We all know that going forward we need to reduce our consumption of non-recyclable materials, so it’s time to get our thinking caps on how to continue making things but at the same time buying less. One key way to do this is by re-using fabrics from clothing that you maybe don’t wear any more or have damaged or by using up your fabric leftovers from previous sewing projects.
One way of doing this is with patchwork, although this doesn’t have to mean patchwork quilts, it could mean clothing items. Just look at the recent Sewing Bee Episode Four where they made a great jacket with a patchwork design. That is one way to create an entire patchwork garment, but another way could be via mending with visible patches, which works particularly well with jeans or jumpers.
Patchwork Quilts from Fabric Scraps
Patchwork quilts are a great way of using up any left over fabrics, especially anything natural and light-weight. Cotton is the most traditional option for quilt making, but as we have said before you can also use things like linen, wool or double gauze. If you use a simple quilt pattern, using regular sized shapes such as various sized rectangles to create a brick style formation; with a little bit of effort you can turn all your scraps to make a handy quilt to snuggle up under. By using a simple shape you can get more out of your scraps without it being super fiddly.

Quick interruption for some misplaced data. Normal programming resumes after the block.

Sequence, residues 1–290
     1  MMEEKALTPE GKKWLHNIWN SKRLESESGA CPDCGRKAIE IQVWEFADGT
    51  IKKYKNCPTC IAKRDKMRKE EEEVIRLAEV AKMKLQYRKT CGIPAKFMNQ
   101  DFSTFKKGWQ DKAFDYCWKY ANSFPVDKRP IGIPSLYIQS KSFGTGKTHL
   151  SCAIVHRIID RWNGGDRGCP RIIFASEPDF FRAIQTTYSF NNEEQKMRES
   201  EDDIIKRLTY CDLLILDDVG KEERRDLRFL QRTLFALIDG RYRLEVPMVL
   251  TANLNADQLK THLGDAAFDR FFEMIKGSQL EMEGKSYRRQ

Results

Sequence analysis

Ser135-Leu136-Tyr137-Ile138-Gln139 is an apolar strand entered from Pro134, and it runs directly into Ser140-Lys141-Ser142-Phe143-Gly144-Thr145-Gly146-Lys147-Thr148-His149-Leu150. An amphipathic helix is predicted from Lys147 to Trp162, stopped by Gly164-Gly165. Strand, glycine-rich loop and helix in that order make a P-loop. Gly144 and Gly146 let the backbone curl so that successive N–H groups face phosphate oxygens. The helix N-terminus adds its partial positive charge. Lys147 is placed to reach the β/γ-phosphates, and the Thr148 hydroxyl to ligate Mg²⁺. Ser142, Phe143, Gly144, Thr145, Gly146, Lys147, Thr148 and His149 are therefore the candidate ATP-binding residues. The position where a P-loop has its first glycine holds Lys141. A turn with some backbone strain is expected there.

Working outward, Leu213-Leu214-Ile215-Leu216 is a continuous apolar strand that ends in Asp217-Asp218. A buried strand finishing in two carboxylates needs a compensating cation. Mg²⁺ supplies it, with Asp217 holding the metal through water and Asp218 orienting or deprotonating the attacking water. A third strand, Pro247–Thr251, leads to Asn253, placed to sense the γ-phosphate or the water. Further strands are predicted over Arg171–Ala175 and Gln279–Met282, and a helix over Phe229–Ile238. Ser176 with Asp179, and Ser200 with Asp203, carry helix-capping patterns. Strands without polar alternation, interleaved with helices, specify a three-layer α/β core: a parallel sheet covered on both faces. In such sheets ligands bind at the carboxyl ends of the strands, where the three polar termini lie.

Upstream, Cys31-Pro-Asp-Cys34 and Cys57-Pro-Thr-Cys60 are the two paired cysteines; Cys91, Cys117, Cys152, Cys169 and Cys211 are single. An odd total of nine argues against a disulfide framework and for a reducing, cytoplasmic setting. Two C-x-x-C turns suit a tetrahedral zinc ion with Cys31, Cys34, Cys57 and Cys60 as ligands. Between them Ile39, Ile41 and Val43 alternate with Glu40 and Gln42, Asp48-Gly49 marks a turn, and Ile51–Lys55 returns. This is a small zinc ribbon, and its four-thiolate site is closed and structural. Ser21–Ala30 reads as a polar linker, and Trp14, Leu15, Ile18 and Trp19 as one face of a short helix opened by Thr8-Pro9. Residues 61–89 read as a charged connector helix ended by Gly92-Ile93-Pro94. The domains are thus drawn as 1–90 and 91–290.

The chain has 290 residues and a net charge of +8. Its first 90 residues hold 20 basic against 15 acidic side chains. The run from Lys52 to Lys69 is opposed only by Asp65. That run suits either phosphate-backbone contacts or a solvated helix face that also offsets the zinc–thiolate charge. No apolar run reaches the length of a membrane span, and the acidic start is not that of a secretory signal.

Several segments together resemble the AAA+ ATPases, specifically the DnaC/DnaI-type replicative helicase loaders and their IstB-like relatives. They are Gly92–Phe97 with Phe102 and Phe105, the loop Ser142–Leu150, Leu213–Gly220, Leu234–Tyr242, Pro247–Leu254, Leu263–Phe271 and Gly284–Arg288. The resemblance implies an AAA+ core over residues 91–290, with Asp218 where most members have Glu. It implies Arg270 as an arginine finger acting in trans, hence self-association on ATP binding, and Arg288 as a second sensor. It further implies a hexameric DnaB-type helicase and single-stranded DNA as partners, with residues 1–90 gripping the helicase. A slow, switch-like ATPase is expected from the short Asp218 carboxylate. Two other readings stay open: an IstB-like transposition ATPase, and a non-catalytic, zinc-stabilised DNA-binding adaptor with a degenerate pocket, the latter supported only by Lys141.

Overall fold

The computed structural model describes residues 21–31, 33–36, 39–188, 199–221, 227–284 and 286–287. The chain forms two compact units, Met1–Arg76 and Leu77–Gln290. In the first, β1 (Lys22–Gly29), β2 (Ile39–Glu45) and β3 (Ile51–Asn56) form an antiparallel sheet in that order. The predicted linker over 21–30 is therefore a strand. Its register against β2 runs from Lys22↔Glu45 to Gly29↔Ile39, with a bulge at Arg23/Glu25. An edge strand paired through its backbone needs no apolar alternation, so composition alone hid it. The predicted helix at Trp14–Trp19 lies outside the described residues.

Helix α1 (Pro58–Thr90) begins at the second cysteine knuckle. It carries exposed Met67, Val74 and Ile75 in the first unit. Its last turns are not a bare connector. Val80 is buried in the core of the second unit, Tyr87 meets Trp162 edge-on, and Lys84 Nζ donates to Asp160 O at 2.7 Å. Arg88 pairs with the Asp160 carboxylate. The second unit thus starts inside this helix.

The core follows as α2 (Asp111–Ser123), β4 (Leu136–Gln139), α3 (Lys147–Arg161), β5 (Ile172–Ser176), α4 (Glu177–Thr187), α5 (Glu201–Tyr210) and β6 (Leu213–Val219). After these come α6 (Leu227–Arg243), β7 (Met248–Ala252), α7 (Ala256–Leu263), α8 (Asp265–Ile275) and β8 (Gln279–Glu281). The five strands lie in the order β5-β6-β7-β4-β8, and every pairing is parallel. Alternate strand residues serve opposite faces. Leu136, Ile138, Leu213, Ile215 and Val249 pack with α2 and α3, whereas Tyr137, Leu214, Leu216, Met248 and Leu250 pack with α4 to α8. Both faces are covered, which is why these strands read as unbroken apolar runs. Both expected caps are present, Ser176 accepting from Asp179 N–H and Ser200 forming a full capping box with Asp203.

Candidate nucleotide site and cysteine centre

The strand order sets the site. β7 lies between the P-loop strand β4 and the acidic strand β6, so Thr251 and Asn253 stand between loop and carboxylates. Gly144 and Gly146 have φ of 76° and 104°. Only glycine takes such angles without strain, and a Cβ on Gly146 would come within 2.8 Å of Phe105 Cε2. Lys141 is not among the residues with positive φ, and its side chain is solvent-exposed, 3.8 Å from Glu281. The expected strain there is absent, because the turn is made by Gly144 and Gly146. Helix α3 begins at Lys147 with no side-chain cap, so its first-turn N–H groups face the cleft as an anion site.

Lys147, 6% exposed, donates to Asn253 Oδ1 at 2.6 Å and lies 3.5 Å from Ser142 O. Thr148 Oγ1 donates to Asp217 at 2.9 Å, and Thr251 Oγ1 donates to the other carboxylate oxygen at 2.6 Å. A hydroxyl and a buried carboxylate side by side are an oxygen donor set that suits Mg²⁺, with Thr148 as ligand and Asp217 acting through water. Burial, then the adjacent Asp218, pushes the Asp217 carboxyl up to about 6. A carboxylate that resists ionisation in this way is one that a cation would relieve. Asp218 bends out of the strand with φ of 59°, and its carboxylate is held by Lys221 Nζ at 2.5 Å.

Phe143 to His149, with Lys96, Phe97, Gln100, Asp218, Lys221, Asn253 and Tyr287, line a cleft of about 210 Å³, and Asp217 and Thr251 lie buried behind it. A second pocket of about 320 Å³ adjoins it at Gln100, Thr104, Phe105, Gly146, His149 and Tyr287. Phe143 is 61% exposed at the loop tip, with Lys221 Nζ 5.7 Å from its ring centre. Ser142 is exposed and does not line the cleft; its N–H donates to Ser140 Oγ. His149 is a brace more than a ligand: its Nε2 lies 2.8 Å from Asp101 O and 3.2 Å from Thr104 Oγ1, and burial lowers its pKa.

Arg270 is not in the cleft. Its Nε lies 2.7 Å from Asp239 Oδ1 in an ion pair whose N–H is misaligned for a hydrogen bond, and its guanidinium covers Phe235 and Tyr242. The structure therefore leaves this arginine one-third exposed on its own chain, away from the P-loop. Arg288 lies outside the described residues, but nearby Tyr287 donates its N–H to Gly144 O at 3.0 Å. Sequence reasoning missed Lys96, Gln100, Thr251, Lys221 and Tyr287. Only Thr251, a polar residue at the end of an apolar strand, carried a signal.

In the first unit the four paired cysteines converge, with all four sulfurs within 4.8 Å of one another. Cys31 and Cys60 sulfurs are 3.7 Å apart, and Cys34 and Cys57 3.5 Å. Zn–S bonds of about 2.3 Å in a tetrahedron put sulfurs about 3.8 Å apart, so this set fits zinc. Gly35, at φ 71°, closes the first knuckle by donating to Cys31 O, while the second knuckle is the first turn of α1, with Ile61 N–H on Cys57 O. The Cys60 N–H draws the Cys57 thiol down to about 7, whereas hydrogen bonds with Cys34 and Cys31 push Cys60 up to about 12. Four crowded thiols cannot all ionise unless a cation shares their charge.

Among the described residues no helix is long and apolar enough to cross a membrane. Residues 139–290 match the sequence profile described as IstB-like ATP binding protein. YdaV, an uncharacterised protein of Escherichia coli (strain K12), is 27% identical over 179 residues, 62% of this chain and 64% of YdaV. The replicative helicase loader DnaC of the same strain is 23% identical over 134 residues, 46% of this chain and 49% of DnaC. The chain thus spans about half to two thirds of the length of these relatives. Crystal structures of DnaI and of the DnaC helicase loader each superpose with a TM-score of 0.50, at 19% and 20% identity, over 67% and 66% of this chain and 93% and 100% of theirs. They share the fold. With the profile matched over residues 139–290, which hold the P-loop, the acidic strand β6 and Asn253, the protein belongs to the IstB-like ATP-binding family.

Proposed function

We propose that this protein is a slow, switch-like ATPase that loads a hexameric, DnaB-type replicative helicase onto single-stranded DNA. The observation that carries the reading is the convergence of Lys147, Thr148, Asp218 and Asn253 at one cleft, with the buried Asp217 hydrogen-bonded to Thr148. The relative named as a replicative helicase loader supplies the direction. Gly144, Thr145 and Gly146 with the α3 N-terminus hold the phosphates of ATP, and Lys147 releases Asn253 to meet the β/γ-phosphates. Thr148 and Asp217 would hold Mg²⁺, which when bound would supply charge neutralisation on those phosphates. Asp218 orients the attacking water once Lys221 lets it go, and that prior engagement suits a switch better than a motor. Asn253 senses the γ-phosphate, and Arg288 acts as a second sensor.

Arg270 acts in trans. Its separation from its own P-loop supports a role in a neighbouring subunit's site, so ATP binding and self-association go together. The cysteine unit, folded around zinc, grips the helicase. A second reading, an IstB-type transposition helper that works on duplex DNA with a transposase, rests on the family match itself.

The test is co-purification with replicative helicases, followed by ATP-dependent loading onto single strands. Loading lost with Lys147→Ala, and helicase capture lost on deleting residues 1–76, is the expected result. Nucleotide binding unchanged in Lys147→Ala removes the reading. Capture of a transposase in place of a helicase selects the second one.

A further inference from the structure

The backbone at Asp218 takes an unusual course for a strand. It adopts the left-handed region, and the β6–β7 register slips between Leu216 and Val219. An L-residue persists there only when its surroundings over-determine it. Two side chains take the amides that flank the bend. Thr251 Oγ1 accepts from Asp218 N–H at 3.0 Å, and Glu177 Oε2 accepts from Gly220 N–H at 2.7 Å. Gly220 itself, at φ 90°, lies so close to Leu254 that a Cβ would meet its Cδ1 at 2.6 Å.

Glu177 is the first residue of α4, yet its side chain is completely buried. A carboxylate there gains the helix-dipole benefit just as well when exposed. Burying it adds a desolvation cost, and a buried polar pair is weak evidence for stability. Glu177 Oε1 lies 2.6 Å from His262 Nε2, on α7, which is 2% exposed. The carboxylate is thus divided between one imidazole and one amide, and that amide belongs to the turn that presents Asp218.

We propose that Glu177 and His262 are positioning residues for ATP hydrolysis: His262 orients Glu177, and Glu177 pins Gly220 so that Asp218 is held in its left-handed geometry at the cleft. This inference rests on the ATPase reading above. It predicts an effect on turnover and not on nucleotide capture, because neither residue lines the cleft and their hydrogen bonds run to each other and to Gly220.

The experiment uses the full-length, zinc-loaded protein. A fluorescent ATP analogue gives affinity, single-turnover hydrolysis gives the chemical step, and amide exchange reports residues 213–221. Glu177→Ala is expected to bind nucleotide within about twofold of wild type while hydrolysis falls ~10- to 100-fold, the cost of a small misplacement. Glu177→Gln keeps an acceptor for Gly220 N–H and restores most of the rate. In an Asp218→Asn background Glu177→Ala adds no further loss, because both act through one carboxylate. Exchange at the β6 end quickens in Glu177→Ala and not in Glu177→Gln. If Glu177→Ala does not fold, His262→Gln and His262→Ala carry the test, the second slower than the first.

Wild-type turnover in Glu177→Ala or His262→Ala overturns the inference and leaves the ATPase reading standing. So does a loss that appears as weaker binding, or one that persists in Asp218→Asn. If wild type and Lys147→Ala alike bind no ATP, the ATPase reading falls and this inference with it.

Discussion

If you are worried about using different fabrics other than cotton within a quilt, it might be worth casting your eye over our previous blog Using Alternative Fabrics for Patchwork and Quilting which has handy hints and tips from Kim Porter at Worn and Washed Fabrics.
How to Sort Your Fabric Scraps
Okay, so now you are super inspired to turn that box of leftovers into a cosy cuddly quilt, but where the hell to start? Well when we have done it before, it helps to separate your fabrics firstly into what is suitable and what is not. You are looking for fabrics which are light-weight but with no drape or stretch. Once you have a pile of those, now go through and split it into colour groups, so that even though it is pretty random, you want the fabrics to co-ordinate rather than clash. Once you have all the pieces in co-ordinating colours, you can chose a square or rectangular size which means you can get the most out of your scraps. From there you can great a beautiful quilt top and clear some space.
However, it is slightly unlikely that you will have enough to make a quilt top, so you might need to check our our patchwork and quilting cottons for a top up.
Patchwork jackets are a great transition piece and can be handy for those times of year where you might need a jacket for the cooler evenings but then during the colder months it can be layered up with jumpers and various other layers. Episode Four of the Sewing Bee this year highlighted how a patchwork jacket can be made using various scraps, although you might need slightly more time than they allow. The idea is to create four pieces by sewing smaller pieces of patchwork cotton together and then using these to cut out the bodice and sleeves from. These pieces are then layered with wadding and a lining fabric, then to keep all the layers together each piece is held by top stitching.